Central banks’ efforts to shore up liquidity in bond markets by purchasing billions of dollars worth of government and investment-grade corporate debt have forced financial advisors and investors who want yield to shop downmarket and focus on bonds rated below investment grade. In effect, they have to accept more risk for more yield in a market still reeling from the credit crisis that hit in March.
Geof Marshall, senior vice-president, portfolio management and head of fixed income at Signature Global Asset Management, a division of CI Investments Inc. in Toronto, points to a Parkland Fuel Corp. 6 per cent bond due Jan. 21, 2027, which is rated BB (“speculative, faces major future uncertainties”), as an example of this trend.
On March 20, just as the Bank of Canada’s plans to purchase government debt were announced, the Parkland bond was priced at $92.39 to yield 8 per cent to maturity. At the end of May, the bond traded at $100.25 to yield 6.43 per cent to maturity as a result of the bond-buying program and greater confidence among investors. What’s significant is that with more money in this tier of debt, trades are a lot easier. More liquidity in the non-investment-grade space means there’s less trading risk.
“It’s a huge change from mid-March when a lot of corporate debt was bid-free,” says Mr. Marshall, who holds $30-billion of bonds in the investment funds he manages.
Thanks to central banks’ intervention, the bond market is trading actively again. The significant amount of money pouring into corporate bonds on either side of the U.S.-Canada border invigorated the investment-grade corporate bond market, Mr. Marshall says. The recovery of the corporate bond market has sent a message – with more money available, companies can refinance more easily.
For investors, the irony that central banks would support debt with little or no default risk means yield-seeking investors have to shop in the junk bonds’ space for yield, says Chris Kresic, head of fixed income and asset allocation and portfolio manager, fixed income, at Jarislowsky Fraser Ltd. in Toronto. “It’s a domino effect. I used to be able to get a sufficient return on BBB-rated bonds. Now I have to shop BB-rated bonds.”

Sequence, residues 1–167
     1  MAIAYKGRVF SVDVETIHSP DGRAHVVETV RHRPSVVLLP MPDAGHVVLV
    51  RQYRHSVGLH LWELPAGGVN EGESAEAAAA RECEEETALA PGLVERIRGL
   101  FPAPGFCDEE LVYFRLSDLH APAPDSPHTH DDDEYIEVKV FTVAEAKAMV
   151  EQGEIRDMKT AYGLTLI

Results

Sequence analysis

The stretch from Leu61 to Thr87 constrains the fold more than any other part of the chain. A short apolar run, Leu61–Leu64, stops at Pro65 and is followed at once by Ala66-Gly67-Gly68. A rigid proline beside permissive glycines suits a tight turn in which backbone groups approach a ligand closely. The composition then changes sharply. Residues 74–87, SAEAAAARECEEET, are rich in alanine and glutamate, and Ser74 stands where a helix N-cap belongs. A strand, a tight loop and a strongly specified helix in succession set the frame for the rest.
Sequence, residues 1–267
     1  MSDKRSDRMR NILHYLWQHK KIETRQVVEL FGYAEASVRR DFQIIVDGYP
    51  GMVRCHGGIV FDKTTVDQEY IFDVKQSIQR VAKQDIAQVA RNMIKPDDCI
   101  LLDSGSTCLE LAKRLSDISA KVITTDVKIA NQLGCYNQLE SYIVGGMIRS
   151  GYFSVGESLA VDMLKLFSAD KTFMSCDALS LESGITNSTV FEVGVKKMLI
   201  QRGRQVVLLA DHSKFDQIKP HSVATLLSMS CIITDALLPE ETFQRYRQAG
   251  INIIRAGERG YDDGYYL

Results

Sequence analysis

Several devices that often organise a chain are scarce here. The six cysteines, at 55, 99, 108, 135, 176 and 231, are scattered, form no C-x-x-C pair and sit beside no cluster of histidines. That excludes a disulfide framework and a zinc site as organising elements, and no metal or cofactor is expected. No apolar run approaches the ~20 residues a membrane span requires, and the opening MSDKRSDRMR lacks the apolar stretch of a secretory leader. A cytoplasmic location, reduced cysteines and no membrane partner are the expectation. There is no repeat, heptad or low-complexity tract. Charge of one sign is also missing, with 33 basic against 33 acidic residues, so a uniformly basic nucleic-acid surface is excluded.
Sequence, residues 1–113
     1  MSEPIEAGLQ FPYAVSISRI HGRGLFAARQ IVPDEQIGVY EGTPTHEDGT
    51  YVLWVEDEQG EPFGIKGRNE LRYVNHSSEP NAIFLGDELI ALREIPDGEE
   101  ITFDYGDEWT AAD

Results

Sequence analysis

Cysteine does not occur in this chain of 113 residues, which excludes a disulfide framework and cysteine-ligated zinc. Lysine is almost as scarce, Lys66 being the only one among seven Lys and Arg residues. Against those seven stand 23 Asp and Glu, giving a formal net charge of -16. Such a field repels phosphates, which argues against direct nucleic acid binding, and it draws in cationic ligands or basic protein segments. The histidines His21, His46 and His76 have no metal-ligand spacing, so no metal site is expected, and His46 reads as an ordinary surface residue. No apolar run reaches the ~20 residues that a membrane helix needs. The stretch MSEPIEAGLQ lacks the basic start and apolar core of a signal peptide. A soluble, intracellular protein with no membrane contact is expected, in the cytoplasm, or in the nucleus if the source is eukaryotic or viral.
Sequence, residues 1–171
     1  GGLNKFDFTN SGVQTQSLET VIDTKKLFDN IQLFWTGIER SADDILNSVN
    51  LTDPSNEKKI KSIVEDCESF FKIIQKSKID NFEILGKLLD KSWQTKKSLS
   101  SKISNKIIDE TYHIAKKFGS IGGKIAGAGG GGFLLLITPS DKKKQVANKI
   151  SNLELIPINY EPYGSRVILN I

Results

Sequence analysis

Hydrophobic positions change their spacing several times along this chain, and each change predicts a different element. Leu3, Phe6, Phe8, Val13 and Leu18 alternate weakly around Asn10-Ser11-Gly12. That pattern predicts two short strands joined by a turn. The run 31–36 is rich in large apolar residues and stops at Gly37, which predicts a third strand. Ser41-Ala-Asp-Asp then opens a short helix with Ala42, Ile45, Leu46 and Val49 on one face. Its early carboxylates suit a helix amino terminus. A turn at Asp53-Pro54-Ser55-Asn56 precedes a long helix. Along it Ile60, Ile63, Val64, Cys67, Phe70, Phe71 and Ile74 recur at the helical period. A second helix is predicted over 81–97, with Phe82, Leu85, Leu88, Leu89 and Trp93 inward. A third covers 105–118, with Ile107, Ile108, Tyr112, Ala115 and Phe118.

The consequence of being shoehorned into BB-rated space is that investors take on more default risk. But some of that risk is illusory. Good bonds can wind up with crummy ratings in this turbulent market.
At the high end of the non-investment-grade market are fallen angels. A Kraft Heinz Co. 10-year bond issued Sept. 11, 2019 and due April 1, 2030 with a 3.75 per cent coupon was originally rated BBB-, the lowest rung on the investment-grade ladder. Then, it dropped to BB+, just under the investment-grade threshold or the highest level in the junk bonds space on Feb. 14.
“This [bond] is a fallen angel, but it’s really backed by a financially strong company,” says Nicholas Leach, vice-president, global fixed income, and head of high yield at CIBC Asset Management Inc. in Toronto. ”Kraft Heinz’s management had the choice of paying its dividends or slashing them to zero. But Kraft Heinz did not cut or cancel its dividend to conserve cash. Instead, it chose to have less bond interest coverage and its debt became high yield.”
Some investors and investment funds cannot hold non-investment grade debt. And when the Kraft Heinz issue lost its investment-grade rating in February, investors restricted by preference or mandate to investment grade were forced to sell the issue when it fell into junk territory.
The resultant drop in the bond’s price from US$105 TO US$88 in early March, driven by the market selloff, saw the yield to maturity rise from 3.6 per cent to 5.3 per cent. Anyone who bought at that time got a good deal. Buyers wound up with a well-backed bond that might have been passed by if central banks’ bond rescue programs had not promised to buy up investment grade corporate debt. That plan gave good subinvestment grade debt a lot more respect.
“The central banks were pushing investors down the credit curve into an asset category, junk, that many previously would have rejected as out of their comfort zone,” Mr. Leach says.
“Government supports for the bond market were unprecedented in amounts committed, types of bonds supported, and a push on investors to go where many had not gone before,” he adds. “Governments will continue to support credit markets in these dark times. As long as markets are under pressure, government programs will tend to make subinvestment grade bonds more attractive than they would be without government supports. When government support programs end as the economy improves, it will be for good reason and to the benefit of corporate bonds bought in hard times.”